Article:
Harry M. GCSE Maths tutor, A Level Maths tutor, GCSE Physics tutor, A...

Harry M.

£20 - £22 /hr

Studying: Physics (Masters) - Exeter University

4.9
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36 reviews| 56 completed tutorials

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About me

Hey everyone,

If you're reading this, then I assume you're stuck on something physics-y or maths-y. If so, then I can help! I'm a Physics student at Exeter University and I can be your guru. Physics reduces the complex world to something so simple, and so beautiful. To do this, it uses Maths as a tool. They're amazing subjects, or at least I think so. Hopefully you will agree after we've finished.

I'll be patient with you, everyone struggles with new ideas sometimes! I've also been helping people who aren't as fast at picking up ideas as me for as long as I can remember, so you can trust that I know what I'm doing. Obviously you decide what you want to cover in our sessions. It's important to note that in science, you must really understand a concept before you can answer questions on it. If you can't explain it to your 10 year old brother, then you don't understand it quite yet. You will be amazed how much easier questions seem when you truly understand the topic!

Different people have different styles of learning, be it pure equations, or diagrams etc. Whatever it is that works for you, we'll find it. If you still fancy it, and I hope you do, then I look forward to meeting you!

Hey everyone,

If you're reading this, then I assume you're stuck on something physics-y or maths-y. If so, then I can help! I'm a Physics student at Exeter University and I can be your guru. Physics reduces the complex world to something so simple, and so beautiful. To do this, it uses Maths as a tool. They're amazing subjects, or at least I think so. Hopefully you will agree after we've finished.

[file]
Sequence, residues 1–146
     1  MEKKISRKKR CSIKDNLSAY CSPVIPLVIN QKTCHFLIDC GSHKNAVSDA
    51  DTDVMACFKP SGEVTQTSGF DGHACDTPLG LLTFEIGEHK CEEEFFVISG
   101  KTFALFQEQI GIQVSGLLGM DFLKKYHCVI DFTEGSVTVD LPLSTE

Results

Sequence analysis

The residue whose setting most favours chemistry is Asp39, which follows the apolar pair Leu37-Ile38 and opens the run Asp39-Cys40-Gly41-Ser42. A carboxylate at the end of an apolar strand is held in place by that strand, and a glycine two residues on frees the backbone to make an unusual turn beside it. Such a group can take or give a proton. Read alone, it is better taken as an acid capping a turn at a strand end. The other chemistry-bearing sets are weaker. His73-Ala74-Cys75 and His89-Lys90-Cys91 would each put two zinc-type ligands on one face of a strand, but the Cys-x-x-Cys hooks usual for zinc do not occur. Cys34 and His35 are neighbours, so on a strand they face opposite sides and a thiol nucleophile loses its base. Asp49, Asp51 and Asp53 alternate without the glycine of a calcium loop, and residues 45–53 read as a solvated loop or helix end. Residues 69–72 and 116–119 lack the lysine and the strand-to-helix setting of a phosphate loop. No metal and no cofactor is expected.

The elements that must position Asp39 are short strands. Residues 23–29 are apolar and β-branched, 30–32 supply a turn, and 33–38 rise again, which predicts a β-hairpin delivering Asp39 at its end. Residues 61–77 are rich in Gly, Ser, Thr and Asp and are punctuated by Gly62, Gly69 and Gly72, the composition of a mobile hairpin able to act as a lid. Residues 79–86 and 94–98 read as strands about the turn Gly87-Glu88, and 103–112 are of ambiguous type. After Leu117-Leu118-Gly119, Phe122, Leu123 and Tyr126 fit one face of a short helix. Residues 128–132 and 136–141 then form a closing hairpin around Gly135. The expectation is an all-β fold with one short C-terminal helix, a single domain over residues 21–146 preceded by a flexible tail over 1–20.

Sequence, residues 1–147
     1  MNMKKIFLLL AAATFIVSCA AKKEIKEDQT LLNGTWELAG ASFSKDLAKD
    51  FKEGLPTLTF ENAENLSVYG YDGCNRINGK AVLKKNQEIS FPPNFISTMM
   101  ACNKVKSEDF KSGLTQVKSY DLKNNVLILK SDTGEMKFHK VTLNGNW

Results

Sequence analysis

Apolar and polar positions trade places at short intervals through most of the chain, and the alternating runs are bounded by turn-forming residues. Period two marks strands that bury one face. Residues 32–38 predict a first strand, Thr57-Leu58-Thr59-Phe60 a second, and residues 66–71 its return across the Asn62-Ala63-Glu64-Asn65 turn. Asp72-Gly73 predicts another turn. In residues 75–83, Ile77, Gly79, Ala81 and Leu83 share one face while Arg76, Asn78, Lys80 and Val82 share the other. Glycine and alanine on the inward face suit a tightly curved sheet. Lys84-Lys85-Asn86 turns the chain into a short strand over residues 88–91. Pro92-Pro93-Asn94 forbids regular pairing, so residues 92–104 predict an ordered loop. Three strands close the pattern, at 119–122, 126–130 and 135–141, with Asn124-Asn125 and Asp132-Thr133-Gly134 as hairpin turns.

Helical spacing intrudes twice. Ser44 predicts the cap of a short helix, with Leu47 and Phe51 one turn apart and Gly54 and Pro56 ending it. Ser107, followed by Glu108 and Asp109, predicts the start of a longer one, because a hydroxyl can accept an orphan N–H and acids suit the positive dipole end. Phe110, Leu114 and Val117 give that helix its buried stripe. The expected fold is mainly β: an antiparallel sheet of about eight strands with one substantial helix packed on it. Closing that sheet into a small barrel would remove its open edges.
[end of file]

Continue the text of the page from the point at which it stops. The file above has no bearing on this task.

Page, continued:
I'll be patient with you, everyone struggles with new ideas sometimes! I've also been helping people who aren't as fast at picking up ideas as me for as long as I can remember, so you can trust that I know what I'm doing. Obviously you decide what you want to cover in our sessions. It's important to note that in science, you must really understand a concept before you can answer questions on it. If you can't explain it to your 10 year old brother, then you don't understand it quite yet. You will be amazed how much easier questions seem when you truly understand the topic!

Different people have different styles of learning, be it pure equations, or diagrams etc. Whatever it is that works for you, we'll find it. If you still fancy it, and I hope you do, then I look forward to meeting you!

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About my sessions

My sessions' structure depends on the needs of the student. Some are looking for support to supplement their school learning. In this case, I will normally work parallel to the student's class time. We will go over the material they have worked through in class firstly, allowing time for any questions on sections they may not have fully grasped. It is also good at this point to go into slightly more depth than they may have covered, just to ensure total clarity. I will try to locate some questions which we can then have a go at, to try and build up the student's confidence. Time permitting, we might have a quick look at what's coming up next, to give the student confidence moving forward.

Some students know exactly what they want to do in each session, and come armed with exam questions and queries. In this case, I am more there as technical assistance whenever they may get stuck on a part of a question.

Others only need a session or two on a particular topic which they are struggling with. Here we will run through the topic thoroughly, allow for questions and then tackle questions.